18. December 2013 17:38
“This was all your idea,” said my mother for the second time to double check I had heard her.
It was indeed my suggestion we take the time-honored mule ride down the Grand Canyon this past spring. Although my mom was never a big fan of heights, I felt convinced the miraculous scenery of the canyon would distract her of that fact. We weren’t off to a good start.
I turned around to see my mother staring intently at the ground instead of the wide-sweeping vistas all around us. I reminded her that the whole point of the ride was to enjoy the scenery.
“I have to watch her feet so I know she won’t walk off the edge,” she said clutching the reins tighter.
Although I suggested that our sure-footed mules Jan and Leslie could walk down the dusty North Kaibab Trail in their sleep, the vertical drop into apparent nothingness at the next corner had my mom yanking on the reins to convince Leslie to turn early. The mule continued to plod around the outside edge of the trail as it had been trained and stiffly pivoted itself around the sharp switchback, causing my mother to scream in alarm.
Clearly, my mom was out of her comfort zone. I waited for her to stop imagining terror around every turn and to start looking around at the spectacular view of striped peaks, plunging cliffs and vast empty spaces.
You would have never guessed we were related watching my mother’s grimacing face and my grinning face on the ride down. I let Jan do all the navigating while I took a constant stream of pictures until my saddle started sliding sideways from leaning too far.
When we reached our turnaround point, I began to think I had failed my mother by bringing her on this adventure she could now tolerate, but not enjoy. However, when the mules started lumbering back uphill, the slow pace seemed to work magic on her mood. I caught her smiling and lifting her chin high enough to gaze at the immense grandeur surrounding us.
Travel often pushes our limits. Whether you are nervous of heights or insects, everyone knows something that makes them hesitate. Overcoming that fear can be a reward unto itself. On the trail that day, my mother earned not only bragging rights, but also a realization that maybe she was braver than she thought.
At the end of the trail, my mom even thanked me for talking her into the ride – a statement I had to hear twice to believe.
18. February 2012 01:18
“Drivers in India like to play the game of chicken,” said Anil Bahal, my India tour guide with Globus, as we watched cars weave through traffic. “They like to drive at you until the last second. Driving in India may not be half the fun, but it is half of the experience.”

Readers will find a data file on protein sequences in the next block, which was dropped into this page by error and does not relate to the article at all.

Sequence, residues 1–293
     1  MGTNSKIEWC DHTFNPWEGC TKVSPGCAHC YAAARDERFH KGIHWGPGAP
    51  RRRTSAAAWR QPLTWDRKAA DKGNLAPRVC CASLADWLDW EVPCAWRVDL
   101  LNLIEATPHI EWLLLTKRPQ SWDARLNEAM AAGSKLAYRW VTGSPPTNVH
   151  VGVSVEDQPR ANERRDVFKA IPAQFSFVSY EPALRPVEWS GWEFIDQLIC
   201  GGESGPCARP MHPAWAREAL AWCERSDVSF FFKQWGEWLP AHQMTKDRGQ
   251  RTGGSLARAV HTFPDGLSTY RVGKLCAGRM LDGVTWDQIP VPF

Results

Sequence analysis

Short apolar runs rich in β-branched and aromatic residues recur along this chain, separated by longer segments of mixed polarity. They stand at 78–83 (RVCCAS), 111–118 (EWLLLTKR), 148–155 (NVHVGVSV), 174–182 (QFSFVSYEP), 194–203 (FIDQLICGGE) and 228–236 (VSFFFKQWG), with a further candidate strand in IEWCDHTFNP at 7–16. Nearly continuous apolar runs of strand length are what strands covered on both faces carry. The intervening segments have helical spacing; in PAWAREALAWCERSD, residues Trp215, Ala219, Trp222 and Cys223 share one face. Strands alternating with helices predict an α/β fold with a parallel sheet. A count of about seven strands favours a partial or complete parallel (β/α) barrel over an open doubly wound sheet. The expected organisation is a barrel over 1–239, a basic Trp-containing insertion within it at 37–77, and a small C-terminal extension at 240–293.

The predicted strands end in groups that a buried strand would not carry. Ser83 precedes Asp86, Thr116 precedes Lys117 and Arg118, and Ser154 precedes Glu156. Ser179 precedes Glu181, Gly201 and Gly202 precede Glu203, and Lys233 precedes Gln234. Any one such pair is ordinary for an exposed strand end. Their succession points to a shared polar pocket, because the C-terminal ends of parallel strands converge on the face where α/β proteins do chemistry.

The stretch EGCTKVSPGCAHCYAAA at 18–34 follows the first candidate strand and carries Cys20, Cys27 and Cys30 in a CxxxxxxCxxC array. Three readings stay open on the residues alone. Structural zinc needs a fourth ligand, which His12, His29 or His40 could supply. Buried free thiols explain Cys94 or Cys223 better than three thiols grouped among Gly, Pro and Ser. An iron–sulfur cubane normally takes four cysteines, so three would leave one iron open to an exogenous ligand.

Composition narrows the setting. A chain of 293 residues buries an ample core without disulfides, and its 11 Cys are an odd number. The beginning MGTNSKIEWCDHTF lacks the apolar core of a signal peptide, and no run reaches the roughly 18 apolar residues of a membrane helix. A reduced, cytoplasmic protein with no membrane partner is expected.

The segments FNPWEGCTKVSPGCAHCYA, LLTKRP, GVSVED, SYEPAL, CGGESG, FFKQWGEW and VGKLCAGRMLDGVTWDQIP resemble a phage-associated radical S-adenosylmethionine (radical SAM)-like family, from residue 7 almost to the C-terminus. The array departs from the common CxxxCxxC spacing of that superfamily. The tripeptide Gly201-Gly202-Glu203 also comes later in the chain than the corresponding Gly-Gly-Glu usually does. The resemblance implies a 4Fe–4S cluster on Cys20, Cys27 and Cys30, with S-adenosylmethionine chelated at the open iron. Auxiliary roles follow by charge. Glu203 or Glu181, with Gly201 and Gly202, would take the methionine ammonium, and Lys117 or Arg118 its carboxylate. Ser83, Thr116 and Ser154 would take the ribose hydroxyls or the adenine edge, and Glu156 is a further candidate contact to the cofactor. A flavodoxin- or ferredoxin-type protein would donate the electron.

Watching the cars moving haphazardly through the traffic near Agra, India, I felt very thankful to have an experienced Indian driver at the steering wheel. Just looking out the window, I saw four people on a motorcycle, cows wandering beside the road and about 20 people sitting on the roof of a moving bus, since there was apparently no room inside.
India is an exotic destination, no question. It is a total culture shock to most Americans, who aren’t used to seeing cows walking down main street or giant monkey-shaped statues next to places of worship. I was clearly out of my comfort zone, and I loved every minute of it.
I tried to soak up everything about the fascinating country while I was there. I shopped at a local market, tried flavorful menu options and even danced in a wedding procession outside my hotel.
I hate to think of all the fun memories I would have lost if I had felt too fearful of the unknown to go. People who know little about current events told me that it’s too dangerous to go to countries like India. I received similar warnings about Israel, Jordan and Mexico, and had extremely safe and culturally profound experiences in each of those countries.
Choosing the more alien destinations over the familiar favorites can end up being a worthwhile decision. Sure you can always go to your favorite beach for relaxation, but it shouldn’t be the only traveling you do. Travel to exotic destinations can teach you not only about those places but also about yourself and your culture by comparison.
Always encourage yourself to try new destinations, even if you may feel uneasy about it at first. The security of traveling with a group can help people explore regions of the world they wouldn’t have dreamed of going on their own. In the end, I always have the fondest memories for the more adventurous trips like the one to India.
The traffic in my hometown was oddly quiet once I returned.